With the holiday season now in full swing, it’s only a matter of time before you and your family embark on the yearly exodus to your favourite local destinations. More often than not, these family trips involve long hours of driving and over hundreds, if not thousands of kilometres.

Besides being physically and mentally ready, it’s also important to make sure that your vehicle is in its top mechanical condition. What’s equally as crucial is the condition of the car’s tyres, because it’s literally the only component that meets the infinitely variable surfaces of Malaysian roads. Remember, the actual contact patch between road and tyre is only as big as a postcard, so this aspect of car care is not to be taken lightly.

In fact, tyres provide four critical functions: it supports the entire weight of a car (which can easily weigh over a tonne with an entire family, even for a Perodua Axia), absorbs road shocks, transmitting traction and braking forces, as well as overseeing the changing and maintaining of driving direction. So, before you hit the ground running, here are some simple tyre care tips, courtesy of Bridgestone.

Firstly, air pressure. Did you know that a tyre naturally loses air pressure by 10 to 20 kPa a month? This is why it’s recommended to check your car’s tyre pressure every month or so, and be sure to do this when the tyres are cold (driving after long periods increases tyre temperature due to friction, which causes air inside to expand) to get the most accurate kPa reading.

When filing up air, simply refer to the manufacturer’s recommendations on the inside of the driver’s side door. If your car comes with a spare tyre, fill that up as well. If you find that your tyres are leaking are quicker than normal, consider checking for punctures, or use a soapy solution and pour over the tyre valve to check for leakage.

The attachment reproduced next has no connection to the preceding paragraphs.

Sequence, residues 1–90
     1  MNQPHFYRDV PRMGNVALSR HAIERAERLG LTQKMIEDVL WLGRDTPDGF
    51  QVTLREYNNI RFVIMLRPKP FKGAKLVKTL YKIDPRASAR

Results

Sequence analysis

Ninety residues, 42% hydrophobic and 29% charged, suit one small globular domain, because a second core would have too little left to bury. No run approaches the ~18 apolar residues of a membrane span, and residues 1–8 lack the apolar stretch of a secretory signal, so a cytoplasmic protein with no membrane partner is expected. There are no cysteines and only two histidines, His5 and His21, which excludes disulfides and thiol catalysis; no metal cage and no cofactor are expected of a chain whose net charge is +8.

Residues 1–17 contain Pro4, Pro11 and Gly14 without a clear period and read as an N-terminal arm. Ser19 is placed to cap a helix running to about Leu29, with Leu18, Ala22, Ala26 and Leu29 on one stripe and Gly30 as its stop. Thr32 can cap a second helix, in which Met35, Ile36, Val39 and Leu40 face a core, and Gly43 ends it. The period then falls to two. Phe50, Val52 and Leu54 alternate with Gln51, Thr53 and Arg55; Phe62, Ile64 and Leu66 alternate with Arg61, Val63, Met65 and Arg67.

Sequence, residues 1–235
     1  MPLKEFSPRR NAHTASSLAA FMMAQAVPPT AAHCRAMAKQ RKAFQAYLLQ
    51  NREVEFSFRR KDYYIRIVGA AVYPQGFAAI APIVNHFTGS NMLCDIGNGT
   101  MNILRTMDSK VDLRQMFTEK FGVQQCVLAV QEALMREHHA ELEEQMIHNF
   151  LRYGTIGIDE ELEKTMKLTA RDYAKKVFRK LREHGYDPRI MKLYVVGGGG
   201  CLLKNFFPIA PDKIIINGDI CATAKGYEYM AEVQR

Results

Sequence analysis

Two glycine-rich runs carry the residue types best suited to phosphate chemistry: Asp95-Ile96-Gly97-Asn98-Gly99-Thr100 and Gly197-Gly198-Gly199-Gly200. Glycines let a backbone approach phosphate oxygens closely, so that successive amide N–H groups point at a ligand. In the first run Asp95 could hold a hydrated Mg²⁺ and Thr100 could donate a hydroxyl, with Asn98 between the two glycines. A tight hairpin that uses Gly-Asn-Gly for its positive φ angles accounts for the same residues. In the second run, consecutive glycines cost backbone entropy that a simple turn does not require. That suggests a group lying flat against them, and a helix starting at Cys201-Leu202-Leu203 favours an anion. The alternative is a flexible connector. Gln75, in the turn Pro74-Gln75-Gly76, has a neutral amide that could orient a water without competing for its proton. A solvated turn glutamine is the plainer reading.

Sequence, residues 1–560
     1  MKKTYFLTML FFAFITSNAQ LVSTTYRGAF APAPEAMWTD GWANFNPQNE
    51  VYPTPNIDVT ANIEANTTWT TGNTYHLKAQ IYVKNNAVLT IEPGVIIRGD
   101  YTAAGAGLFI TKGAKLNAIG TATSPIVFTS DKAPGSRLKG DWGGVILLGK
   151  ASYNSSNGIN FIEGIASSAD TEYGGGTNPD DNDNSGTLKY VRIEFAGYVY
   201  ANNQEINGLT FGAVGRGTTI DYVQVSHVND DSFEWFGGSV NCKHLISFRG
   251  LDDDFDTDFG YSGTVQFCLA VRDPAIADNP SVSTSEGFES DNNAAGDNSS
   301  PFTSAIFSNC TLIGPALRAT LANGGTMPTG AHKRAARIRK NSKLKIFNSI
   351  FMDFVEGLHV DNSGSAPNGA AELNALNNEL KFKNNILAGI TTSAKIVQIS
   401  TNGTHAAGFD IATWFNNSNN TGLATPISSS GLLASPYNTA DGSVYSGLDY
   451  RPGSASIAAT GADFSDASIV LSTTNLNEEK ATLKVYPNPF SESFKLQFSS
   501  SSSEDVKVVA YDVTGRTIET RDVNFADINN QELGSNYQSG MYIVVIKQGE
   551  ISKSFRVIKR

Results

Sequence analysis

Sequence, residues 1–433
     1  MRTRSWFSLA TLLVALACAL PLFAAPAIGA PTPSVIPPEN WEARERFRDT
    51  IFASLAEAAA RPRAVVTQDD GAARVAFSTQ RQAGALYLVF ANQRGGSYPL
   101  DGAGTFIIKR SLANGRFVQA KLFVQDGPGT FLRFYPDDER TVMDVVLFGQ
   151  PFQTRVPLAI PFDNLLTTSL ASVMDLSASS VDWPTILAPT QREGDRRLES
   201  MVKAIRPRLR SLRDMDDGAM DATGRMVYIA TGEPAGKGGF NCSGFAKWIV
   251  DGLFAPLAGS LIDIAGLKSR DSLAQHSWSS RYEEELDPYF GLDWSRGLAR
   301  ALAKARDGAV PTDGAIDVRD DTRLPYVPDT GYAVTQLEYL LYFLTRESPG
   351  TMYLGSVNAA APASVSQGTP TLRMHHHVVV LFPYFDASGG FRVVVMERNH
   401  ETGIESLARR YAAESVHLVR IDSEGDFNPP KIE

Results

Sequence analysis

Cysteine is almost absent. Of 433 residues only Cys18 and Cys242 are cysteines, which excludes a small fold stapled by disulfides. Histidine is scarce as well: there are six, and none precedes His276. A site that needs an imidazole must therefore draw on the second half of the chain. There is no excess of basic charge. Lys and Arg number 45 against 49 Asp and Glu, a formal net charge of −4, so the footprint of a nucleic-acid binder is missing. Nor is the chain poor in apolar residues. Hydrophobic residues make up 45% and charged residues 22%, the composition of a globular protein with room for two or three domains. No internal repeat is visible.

Bridgestone recommends using nitrogen gas instead of regular air, because it’s less prone to leakage and therefore improves fuel economy and manoeuvrability. It’s a luxury if you ask us, but using nitrogen poses no harm anyway, so to each their own.

More importantly is tyre wear. We all know it’s dangerous to drive around with worn tyres, yet many choose to be apathetic and turn a blind eye. There’s absolutely no advantages when driving on worn tyres. As a matter of fact, you’d be putting you and your family at risk, especially during this monsoon season. You know, aquaplaning and stuff.

Most modern tyres come with tyre wear indicators, which appears when the tread is worn down to 1.6 mm. At this point, the rubber compound is more prone to damage such as cracking or swelling, which could lead to bursting. Driving on worn tyres also significantly reduces traction and lengthens the car’s braking distance, so it’s imperative that you pay attention to tread wear.

If you want to risk nothing, you could always replace your tyres. If budget is a concern, we recommend buying a new pair of tyres (preferably of the same brand and model) and fitting it to the rear wheels. This provides better control during emergency braking or when the roads are slippery, and the risk of losing vehicular control on wet surfaces is lowered. It doesn’t matter if your car is front- or rear-wheel drive – it benefits both the same.

Another noteworthy precaution is to send your car for wheel alignment and balancing. This ensures that your wheels and axles are correctly aligned while driving, and prevents uneven or irregular tyre wear. Also, never mix tyres even if it’s from the same brand, because every tyre is designed to perform differently. Always make sure all four tyres are of the same brand and model.

Other than that, we urge you to check that all lighting instruments, from the headlights to turn signals and brake lights, are all in proper working condition. Oh, don’t forget to pay close attention to that fuel gauge, too! As a little nugget, having your tyres properly inflated could give you up to 3% better fuel economy. A little goes a long way, they say.

For more information about tyre maintenance and driving safety tips, click here. Happy holiday, folks, and drive safely!